At Focus Interactive’s What’s Next event held in January, Big Bad Wolf’s The Council felt like a breath of fresh air. In the midst of the publisher’s ambitious RPGs, which all have lofty promises that could be difficult to live up to, The Council’s concept was clearly defined and the hands-on delivered exactly what the presentation promised.
This narrative adventure, whose first episode released this week, lets players embody Louis de Richet, member of a secret society whose partner in crime is none other than his mother. Unfortunately, the hard-as-nails lady has gone missing and the player’s journey starts as De Richet goes searching for her in a mysterious manor on the private island of a certain Lord Mortimer. Set in the 18th century, The Council offers a diverse and engaging cast of NPCs, ranging from George Washington to Napoleon Bonaparte.
What sets the title apart from most narrative-driven episodic adventures is its RPG mechanics. The main character can choose between three classes: diplomat, occultist or detective, which will impact the way he unravels the mysteries surrounding the manor. There’s also an impressive set of skills to choose from, which will define the way the lead character interacts with his companions. From sweet-talking to brutal confrontation, from analysing scientific proof to following intuitions: The Council offers many ways to get to the truth. Or rather the truths, as the title offers multiple endings. Every decision has a deep impact on the story and it actually feels like it when you play the game, without giving away what other path you could have taken, which makes for a very enticing game with great replay potential.
Think The Sexy Brutale (for the manor and the masks the staff wears) meets Agatha Christie (Big Bad Wolf actually named And Then There Were None as an influence) meets Telltale Games (which, again, Big Bad Wolf said was an obvious influence).
When talking to Sylvain Sechi, game director at the studio, he also mentions books like Dan Simmons’ Carrion Comfort, movies such as The Devil’s Advocate and old-school RPG games like Planescape: Torment as influences. Even classic family board game Cluedo.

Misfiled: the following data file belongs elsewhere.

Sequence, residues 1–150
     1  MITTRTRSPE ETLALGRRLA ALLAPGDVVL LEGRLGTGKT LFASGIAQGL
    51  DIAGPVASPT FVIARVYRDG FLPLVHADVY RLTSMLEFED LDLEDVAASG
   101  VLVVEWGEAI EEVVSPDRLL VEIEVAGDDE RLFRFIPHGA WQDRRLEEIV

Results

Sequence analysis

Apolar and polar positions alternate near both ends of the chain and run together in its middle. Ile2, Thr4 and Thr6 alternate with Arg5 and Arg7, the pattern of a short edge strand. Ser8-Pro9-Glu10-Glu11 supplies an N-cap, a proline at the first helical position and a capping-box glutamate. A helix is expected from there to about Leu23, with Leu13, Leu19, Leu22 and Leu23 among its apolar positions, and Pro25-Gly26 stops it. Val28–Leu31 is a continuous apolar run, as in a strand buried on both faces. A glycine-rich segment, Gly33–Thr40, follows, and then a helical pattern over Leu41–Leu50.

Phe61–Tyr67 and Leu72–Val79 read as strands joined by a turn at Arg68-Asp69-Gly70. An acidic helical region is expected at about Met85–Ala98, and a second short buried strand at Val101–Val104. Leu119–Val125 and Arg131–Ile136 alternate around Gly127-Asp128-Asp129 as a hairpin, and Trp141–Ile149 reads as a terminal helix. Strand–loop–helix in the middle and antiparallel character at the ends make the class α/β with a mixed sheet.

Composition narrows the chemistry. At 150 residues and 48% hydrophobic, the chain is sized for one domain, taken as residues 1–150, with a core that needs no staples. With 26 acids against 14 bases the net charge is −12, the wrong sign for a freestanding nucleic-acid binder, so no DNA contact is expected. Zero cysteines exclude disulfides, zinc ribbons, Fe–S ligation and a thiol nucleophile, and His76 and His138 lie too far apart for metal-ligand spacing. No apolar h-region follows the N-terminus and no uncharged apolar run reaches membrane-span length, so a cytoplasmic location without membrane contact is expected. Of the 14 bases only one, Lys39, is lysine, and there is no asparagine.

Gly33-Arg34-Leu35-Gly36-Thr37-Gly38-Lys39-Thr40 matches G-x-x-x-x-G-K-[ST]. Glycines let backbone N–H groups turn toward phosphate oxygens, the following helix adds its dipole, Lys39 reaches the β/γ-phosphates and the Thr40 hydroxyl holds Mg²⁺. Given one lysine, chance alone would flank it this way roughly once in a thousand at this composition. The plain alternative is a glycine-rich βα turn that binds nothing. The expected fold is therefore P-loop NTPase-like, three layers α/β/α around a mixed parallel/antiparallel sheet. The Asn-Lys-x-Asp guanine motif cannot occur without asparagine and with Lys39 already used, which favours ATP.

“We’ve been used to making role-playing games before and our main strength was story and consequences and that’s what we decided to focus on. The big thing we decided to drop was combat because it’s very costly in production,” Sechi explains. “But we didn’t want to drop the gameplay mechanics so we actually found a way to create social dynamics, which we call confrontation, which are basically dialogue combats. So you don’t hit people, you confront them with words.”
The Council is not perfect, with some art choices leaving me slightly sceptical. Some characters have cartoonesque facial features, almost caricatures, but they cohabit with highly detailed faces, like the one of character Emily Hillsborrow, whose resemblance with Penny Dreadful’s Eva Green is so uncanny it left me wondering if it was an intentional homage or a rookie’s mistake.
A French publication also pointed out some historical inaccuracies – a painting in the manor that didn’t exist yet in the 18th century, for instance.
But the story, and its numerous ways to engage with it, coupled with its claustrophobic atmosphere and its RPG mechanics make me quite forgiving towards this debut title. Of course The Council is not going to sell millions of copies, but the team took a risk with a game that gives the genre a much needed twist. The episodic format, provided all the episodes deliver on quality, is also perfect to maintain the momentum and word of mouth for the title, which is all we can hope for the young team at Big Bad Wolf.